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  8. I am also a teacher and a mom of a special needs child and I have to say that there shouldn’t be a cutoff point until all our children are getting the supports they need. If the premier of BC can spend $500,000.00 on private jets, then shouldn’t my son get a support person? If we can spend hundreds of thousands on a new sports arena and its leaky roof, shouldn’t your child have a teacher who can attend to all the students in her class?

    It’s not just the special needs students who are negatively affected. If the teacher has to spend a lot of her time and energy trying to help my son, then your child doesn’t get as much attention as he or she should. And if the premier of BC had to send her son to a public school instead of being able to afford a very expensive private school, perhaps my child would be getting the education he deserves. All children deserve a quality public education regardless of their needs.

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  9. I see the “finite” aspects from educators perspective. I lean towards the simple argument that buying into that finite / limited resources perspective propagates the problem .
    Someone somewhere before me had fought furiously for funding for kids like mine, the funding ( which is 10 times more than a normal child) is accepted by the school then distributed as the school sees fit. The response I get when i question it is we have limited funding , need to spread out the resources for other special needs kids who are not diagnosed etc. For the most part school is very secretive about their practices in spreading the funding because obviously it’s a slippery slope for parents like me to see how the actual support translates (ie: my child was fed in special needs bathroom because special education room was used for storage , she used to sit mindlessly for half hour because EA also has to supervise other children at lunch, she is unable to have a lunch break where she is out and about with the rest of the kids because EA has to supervise other kids). Her disabilities leave her vulnerable to every decisions by school because she NEEDs that one on one assistance to participate . She is UNABLE to protest, to convey the practices to me or remove herself from the situation.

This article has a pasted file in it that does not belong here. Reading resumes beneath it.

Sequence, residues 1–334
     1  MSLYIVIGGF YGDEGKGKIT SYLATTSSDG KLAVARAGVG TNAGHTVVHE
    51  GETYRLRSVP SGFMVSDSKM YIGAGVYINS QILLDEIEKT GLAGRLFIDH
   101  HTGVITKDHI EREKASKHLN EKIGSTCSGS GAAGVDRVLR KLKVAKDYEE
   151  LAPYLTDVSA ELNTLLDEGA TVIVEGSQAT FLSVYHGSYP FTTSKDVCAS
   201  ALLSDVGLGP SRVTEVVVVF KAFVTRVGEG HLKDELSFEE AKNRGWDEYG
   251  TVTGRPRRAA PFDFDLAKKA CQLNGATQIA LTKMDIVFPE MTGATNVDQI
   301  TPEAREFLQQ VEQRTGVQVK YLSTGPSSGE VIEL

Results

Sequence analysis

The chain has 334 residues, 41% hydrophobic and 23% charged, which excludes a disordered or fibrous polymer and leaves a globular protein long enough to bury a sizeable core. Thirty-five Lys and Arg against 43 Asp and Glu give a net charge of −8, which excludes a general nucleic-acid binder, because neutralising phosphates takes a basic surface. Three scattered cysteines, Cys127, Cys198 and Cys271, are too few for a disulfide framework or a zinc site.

I don’t have anything against the EA as I think they are pulled in many directions. I understand the school professional are not malicious but simply operating with the limited resources to achieve their overall goals. My issue is , not at the EXPENSE of my daughter. If schools’ response is sorry we have limited funding and resources . Then be open about it, work with us parents to reach solutions and not compound the problem. Parents are a force that could help put pressure and advocate for more resources , if Appropriate. If limited resources/ funding is the blanket reasoning given to parents for lack of support or distribution as seen fit by school for resources that are given for our children: Then school, government and other bodies need to be transparent about sharing the source of funding issues, where and how the monies are allocated and allow (even if limited) weighing in by parents / advocates who represent the children .

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    1. Schools are forced to work with the funding they receive and that forces them to make decisions that are not good for our children. But, it’s not the fault of the school district and it’s not the fault of the Principal. The blame lies entirely at the feet of CC and her government.